Road from Paris to paradise
All Good Things
By Sarah Turnbull HarperCollins, 324pp, $29.99
YOU have to wonder if Sydney writer Sarah Turnbull faced something similar to pop music’s ‘‘ difficult second album’’ after her first book Almost French sold more than 250,000 copies. It was an impressive effort for a quirky personal travelogue, surely enough to unleash the usual tussle between an artist’s need to grow and business pressure to produce more of the same as quickly as possible.
Turnbull has waited a decade and changed publishers before continuing to share the details of her life in All Good Things. As the placid title suggests, she has moved on from the comic mishaps and withering social disasters that gave bounce and momentum to Almost French. But, as with second albums that do turn out OK, it’s the pleasure of hearing her voice again that carries the day, even if the material isn’t as snappy this time around.
Almost French ended happily with Turnbull marrying her French boyfriend Frederic, a lawyer she had met six years earlier as a traveller in Bucharest and subsequently followed to Paris. All Good Things picks up the story two years later and life seems pretty good. Once exasperating run-ins with fastidious Parisian snootiness are now mostly amusing and Turnbull finally may be making headway with an idea for a novel, set in a 19th-century Breton arts colony.
The couple has renovated and enlarged an inner-city apartment. The new space would be perfect for a nursery, which highlights an unfulfilled ambition gnawing at their otherwise enviable lives: Turnbull has been unable to fall pregnant. The pursuit of an IVF solution has become urgent, but the results have been dispiriting, taking a toll on their relationship.
Out of the blue, Frederic’s employer asks him to set up a branch of the firm in Tahiti, a French protectorate in the South Pacific, fabled as a paradise on sea. The pair have long been keen travellers and see it as a chance for renewal, or at least a circuit-breaker. With their trusty highland terrier Maddie and crateloads of Parisian possessions, they set up home on the craggy and fecund isle of Moorea, a short ferry ride from Frederic’s new office in the rather seedy Tahitian capital of Papeete.
Frederic’s work life adapts to local circumstances but Turnbull is left to her own devices. Moorea can be circumnavigated by car in less than an hour. Aside from admiring its languorous beauty and the heady fragrance of tiare flowers and vanilla, there’s not much to do apart from deciding whether to turn left or right on leaving the house.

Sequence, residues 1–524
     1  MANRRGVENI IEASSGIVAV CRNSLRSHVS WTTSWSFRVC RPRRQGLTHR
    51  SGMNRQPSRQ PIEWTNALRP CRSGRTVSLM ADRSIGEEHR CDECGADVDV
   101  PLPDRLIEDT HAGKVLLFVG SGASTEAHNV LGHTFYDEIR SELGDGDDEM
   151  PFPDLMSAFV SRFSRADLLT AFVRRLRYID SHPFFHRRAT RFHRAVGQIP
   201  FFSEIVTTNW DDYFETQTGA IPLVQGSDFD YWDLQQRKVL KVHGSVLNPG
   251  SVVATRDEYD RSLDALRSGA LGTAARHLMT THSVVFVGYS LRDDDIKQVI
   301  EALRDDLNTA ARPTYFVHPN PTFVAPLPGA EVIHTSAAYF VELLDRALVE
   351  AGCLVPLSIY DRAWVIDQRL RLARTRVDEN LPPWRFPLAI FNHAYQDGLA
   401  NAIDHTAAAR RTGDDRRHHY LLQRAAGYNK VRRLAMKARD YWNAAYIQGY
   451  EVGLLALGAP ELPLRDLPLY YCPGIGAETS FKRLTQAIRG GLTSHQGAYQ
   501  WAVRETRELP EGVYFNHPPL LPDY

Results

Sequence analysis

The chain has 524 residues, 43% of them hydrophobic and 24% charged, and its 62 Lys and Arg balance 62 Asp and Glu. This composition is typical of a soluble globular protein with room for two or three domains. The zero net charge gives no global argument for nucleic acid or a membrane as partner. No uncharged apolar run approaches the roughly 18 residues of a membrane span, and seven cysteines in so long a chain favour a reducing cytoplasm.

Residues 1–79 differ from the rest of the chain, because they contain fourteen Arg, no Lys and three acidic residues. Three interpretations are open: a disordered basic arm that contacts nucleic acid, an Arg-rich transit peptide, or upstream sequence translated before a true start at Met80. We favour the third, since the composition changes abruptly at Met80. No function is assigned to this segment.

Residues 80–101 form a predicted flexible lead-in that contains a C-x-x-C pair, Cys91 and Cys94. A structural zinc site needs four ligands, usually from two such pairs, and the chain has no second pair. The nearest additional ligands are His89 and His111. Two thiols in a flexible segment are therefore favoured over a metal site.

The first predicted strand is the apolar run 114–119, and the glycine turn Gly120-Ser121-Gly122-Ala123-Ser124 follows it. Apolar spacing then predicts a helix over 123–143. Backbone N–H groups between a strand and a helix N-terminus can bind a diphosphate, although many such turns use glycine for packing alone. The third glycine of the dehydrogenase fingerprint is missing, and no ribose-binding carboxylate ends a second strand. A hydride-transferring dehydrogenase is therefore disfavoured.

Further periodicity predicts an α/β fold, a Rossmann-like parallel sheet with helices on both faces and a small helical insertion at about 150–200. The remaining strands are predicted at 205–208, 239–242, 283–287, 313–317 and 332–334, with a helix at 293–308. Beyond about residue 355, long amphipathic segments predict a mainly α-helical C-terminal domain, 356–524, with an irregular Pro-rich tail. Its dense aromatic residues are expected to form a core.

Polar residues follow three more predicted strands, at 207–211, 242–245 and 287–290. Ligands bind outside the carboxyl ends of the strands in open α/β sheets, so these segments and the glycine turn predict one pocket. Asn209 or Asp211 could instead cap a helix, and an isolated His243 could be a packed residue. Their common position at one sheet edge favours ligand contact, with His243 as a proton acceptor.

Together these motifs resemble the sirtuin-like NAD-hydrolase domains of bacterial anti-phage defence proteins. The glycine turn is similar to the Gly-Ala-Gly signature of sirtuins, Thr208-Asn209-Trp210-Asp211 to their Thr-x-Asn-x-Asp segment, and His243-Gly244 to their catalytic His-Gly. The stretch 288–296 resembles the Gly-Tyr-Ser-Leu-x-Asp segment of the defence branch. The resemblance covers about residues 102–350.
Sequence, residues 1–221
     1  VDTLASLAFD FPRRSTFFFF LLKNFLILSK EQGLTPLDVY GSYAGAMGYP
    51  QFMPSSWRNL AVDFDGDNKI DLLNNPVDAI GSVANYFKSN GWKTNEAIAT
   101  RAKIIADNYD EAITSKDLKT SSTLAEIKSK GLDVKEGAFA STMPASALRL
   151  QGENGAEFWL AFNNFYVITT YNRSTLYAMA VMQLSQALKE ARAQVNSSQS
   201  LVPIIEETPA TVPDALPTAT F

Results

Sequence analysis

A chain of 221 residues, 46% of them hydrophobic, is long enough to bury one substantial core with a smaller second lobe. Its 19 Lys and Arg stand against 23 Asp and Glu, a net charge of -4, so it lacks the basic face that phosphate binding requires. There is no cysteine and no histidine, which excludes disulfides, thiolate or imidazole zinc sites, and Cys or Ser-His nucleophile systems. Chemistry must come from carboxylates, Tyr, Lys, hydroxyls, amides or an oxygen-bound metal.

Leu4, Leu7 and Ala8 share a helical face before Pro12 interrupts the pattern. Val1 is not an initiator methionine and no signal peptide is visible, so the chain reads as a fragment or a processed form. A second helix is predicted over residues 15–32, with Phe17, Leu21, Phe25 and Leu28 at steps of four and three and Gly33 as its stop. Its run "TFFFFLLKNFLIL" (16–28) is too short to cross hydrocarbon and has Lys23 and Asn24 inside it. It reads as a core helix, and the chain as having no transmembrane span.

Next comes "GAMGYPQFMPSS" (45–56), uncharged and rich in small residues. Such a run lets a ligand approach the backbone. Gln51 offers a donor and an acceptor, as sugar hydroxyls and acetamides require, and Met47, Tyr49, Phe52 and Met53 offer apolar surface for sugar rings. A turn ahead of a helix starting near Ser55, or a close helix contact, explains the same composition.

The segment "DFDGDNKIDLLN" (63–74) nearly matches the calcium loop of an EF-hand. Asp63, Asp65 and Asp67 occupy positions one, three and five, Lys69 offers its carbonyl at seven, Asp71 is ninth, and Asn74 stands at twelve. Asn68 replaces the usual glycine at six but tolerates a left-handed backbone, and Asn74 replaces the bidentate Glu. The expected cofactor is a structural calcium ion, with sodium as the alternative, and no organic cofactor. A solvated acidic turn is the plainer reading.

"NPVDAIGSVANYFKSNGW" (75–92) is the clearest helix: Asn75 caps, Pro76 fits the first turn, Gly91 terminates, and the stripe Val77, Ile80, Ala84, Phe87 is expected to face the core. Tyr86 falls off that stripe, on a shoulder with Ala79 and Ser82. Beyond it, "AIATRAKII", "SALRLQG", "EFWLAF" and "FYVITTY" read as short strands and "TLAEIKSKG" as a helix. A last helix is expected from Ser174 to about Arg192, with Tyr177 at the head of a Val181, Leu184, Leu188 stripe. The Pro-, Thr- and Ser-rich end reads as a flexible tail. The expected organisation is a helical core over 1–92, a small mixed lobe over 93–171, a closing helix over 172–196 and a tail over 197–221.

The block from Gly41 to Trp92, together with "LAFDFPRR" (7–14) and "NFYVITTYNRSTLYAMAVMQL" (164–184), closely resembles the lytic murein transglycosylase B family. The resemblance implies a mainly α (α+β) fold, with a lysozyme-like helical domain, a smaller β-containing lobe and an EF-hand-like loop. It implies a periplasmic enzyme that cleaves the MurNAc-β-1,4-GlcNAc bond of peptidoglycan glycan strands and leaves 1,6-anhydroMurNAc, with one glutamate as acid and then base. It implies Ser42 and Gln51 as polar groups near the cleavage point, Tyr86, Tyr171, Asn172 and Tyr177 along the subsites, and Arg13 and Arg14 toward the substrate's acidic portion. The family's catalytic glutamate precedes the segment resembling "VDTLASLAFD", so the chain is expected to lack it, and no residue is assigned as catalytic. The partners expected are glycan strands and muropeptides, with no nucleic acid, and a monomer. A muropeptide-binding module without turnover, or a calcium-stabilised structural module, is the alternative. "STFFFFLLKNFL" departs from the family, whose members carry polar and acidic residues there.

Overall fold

Turnbull’s plans for a Europe-based novel soon dissipate. It’s all too far away. Her great solace is swimming in the lagoon off her back veranda. She fills her notebook with fine details of teeming aquatic life and lists the ever-changing colours revealed by shimmering tropical light.
As well-heeled members of the expatriate French community, Turnbull and Frederic inevitably are set apart from the local Polynesian underclass and can’t be universally welcome, though this is observed lightly. They begin to make friends, notably with the family of their islander landlord and with a French couple they join in learning to scuba-dive.
But Turnbull’s imagination seems more fired by the artistic response of past Tahitian visitors, such as Paul Gauguin and Henri Matisse, than her present reality. She travels to the Marquesas Islands with a writer’s curiosity but there’s a growing sense of marking time. Turnbull is succumbing to what the locals know as fiu, a kind of listless ennui.
The couple makes one last roll of the IVF dice, undergoing the procedure in Sydney. It’s Frederic’s first encounter with the casual lifestyle that put his wife at odds with Parisian society in Almost French, and Turnbull’s first trip home in 14 years. She begins to reconnect and imagines taking up residence again.
But first it’s back to Moorea to await the medical results and time for more water-based activities and warm gatherings with supportive friends. Readers who glanced at the dedication page when starting All Good Things will have guessed how the pregnancy quest turns out, but the book is more about the journey than the destination, with lots of great scenery and observations about creativity, life and love along the way.
Sarah Turnbull is inspired by past Tahitian visitors such as Paul Gauguin